When you get good at something you start to feel very comfortable doing it. Whether it's a scripting language, a development framework, or a specific tool, being good at it feels good.
When we’re comfortable, we like to stop and enjoy it for a while. Like sitting on the couch after a long day, and not wanting to get up and cook dinner. We want to stop and relax. Everything else can wait.
But technology doesn’t stop. Things keep moving while we’re sitting there enjoying the comfort. Along comes something new and different from what we’re comfortable with. People say it’s better. But there’s a learning curve. Learning new things is uncomfortable, and sitting still is very comfortable. So comfort wins.
The trouble is, while you sit there in your comfort, other people keep moving. The longer you wait, the further they move ahead of you. Now it’s no longer uncomfortable to learn something new, it’s a frantic race to catch up. Because getting left behind in the technology industry spells career death.
Comfort is the enemy of progress. And if you aren’t moving forward, you’re moving backwards.
Enjoy your growth as a professional and a person. Enjoy what you’ve learned. Enjoy the feeling of accomplishment, of being skilled and capable. Then build on it. Don’t sit in comfort. Continue to make progress.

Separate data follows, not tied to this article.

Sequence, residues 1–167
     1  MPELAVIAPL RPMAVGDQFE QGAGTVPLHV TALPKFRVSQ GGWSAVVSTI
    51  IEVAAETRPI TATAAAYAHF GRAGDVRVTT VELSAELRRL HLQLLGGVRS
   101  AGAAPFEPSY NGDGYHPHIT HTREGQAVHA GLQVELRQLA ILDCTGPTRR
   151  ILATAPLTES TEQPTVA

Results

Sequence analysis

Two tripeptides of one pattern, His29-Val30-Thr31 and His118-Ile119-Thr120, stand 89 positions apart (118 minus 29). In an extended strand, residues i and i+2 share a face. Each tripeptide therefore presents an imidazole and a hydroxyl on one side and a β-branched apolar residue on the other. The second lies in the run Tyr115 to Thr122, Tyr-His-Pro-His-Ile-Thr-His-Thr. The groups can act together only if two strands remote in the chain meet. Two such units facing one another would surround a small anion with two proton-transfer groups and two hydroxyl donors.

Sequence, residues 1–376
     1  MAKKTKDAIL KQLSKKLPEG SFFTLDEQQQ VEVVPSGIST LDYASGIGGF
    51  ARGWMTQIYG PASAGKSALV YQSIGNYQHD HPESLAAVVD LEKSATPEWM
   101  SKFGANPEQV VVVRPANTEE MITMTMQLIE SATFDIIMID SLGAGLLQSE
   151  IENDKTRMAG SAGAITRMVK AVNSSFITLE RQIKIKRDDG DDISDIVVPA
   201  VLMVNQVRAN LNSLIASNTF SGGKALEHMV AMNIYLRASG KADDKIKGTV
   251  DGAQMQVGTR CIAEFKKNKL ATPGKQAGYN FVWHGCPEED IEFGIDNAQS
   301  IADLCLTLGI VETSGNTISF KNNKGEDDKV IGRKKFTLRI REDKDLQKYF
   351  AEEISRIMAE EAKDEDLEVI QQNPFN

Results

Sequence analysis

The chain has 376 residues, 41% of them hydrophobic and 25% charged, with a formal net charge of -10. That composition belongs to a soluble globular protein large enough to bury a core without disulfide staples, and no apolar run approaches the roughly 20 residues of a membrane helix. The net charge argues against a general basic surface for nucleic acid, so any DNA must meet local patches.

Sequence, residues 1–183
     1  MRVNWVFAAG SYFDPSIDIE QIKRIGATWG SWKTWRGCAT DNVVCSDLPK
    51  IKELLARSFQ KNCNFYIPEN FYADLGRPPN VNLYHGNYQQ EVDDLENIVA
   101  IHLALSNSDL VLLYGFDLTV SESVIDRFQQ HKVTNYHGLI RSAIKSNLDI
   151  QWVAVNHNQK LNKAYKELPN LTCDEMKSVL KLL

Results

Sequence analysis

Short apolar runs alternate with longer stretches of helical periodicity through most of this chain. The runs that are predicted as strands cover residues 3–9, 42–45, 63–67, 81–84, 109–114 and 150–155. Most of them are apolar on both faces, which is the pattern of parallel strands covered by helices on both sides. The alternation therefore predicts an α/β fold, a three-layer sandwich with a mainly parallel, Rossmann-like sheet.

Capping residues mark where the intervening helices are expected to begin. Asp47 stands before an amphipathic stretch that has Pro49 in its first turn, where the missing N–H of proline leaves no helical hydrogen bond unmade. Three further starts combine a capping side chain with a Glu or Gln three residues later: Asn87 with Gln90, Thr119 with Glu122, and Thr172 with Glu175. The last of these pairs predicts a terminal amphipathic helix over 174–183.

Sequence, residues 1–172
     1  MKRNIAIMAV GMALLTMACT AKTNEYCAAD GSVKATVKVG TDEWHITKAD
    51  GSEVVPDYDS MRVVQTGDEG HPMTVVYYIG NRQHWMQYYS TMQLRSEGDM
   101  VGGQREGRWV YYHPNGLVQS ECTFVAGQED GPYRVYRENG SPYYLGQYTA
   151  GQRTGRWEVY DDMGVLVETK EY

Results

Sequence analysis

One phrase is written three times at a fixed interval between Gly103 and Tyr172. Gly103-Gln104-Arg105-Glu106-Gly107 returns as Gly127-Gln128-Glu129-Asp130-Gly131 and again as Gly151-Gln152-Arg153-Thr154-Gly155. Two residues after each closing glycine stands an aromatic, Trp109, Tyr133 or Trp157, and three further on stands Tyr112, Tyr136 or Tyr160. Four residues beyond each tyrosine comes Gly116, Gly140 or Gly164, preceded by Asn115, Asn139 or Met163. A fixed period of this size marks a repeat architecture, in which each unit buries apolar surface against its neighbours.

How do we do that? Commit to learning and expanding your knowledge. It's as simple as that.
You don't even need a complex, time-consuming system in place to achieve this. Start by reading one interesting article or blog post each day. I use a variety of resources to help with this.
- I use Feedly and a bunch of RSS feeds to keep up with what’s happening in my areas of interest. Almost every day a great article appears in one of those feeds that teaches me something I didn’t know before. I skim through the feeds in the morning, and add anything interesting to Pocket to read at lunch or after dinner.
- I scan Medium every few days for interesting articles. Like anything, Medium has its fair share of content that isn’t of use to me personally. But at least once a week I’ll find a great article on technology, or productivity, or personal growth.
- I’m a paid supporter of Longreads. At least once a week I find an amazing long form article worth sitting down to read with a coffee on a Saturday morning.
- I often listen to audiobooks and podcasts when I’m running, doing tasks around the house, or cooking.
You don’t need to study and cram every single day and night. In fact, I recommend you don’t. I don’t always do this. Sometimes it’s better to do something in silence and let your brain process a problem or some knowledge you’ve already exposed it to that day. Rest and idle time are as important to learning as the actual learning itself.
Rewards are also important. Operating in a permanent state of deprivation is exhausting, and builds up resentment. I find it hard to forgo playing my PS4 to sit down and study every single night. But I find it much easier to say, “Thursday night is my study night, and if I get it done then I can play games on Friday night.”
Each month take stock of what you’ve learned. If you haven’t learned anything new, ask yourself why. Did you get “too busy”? Nobody is too busy for one article a day and a couple hours a week of learning.
It’s a matter of priorities, and not letting yourself sit in comfort all the time.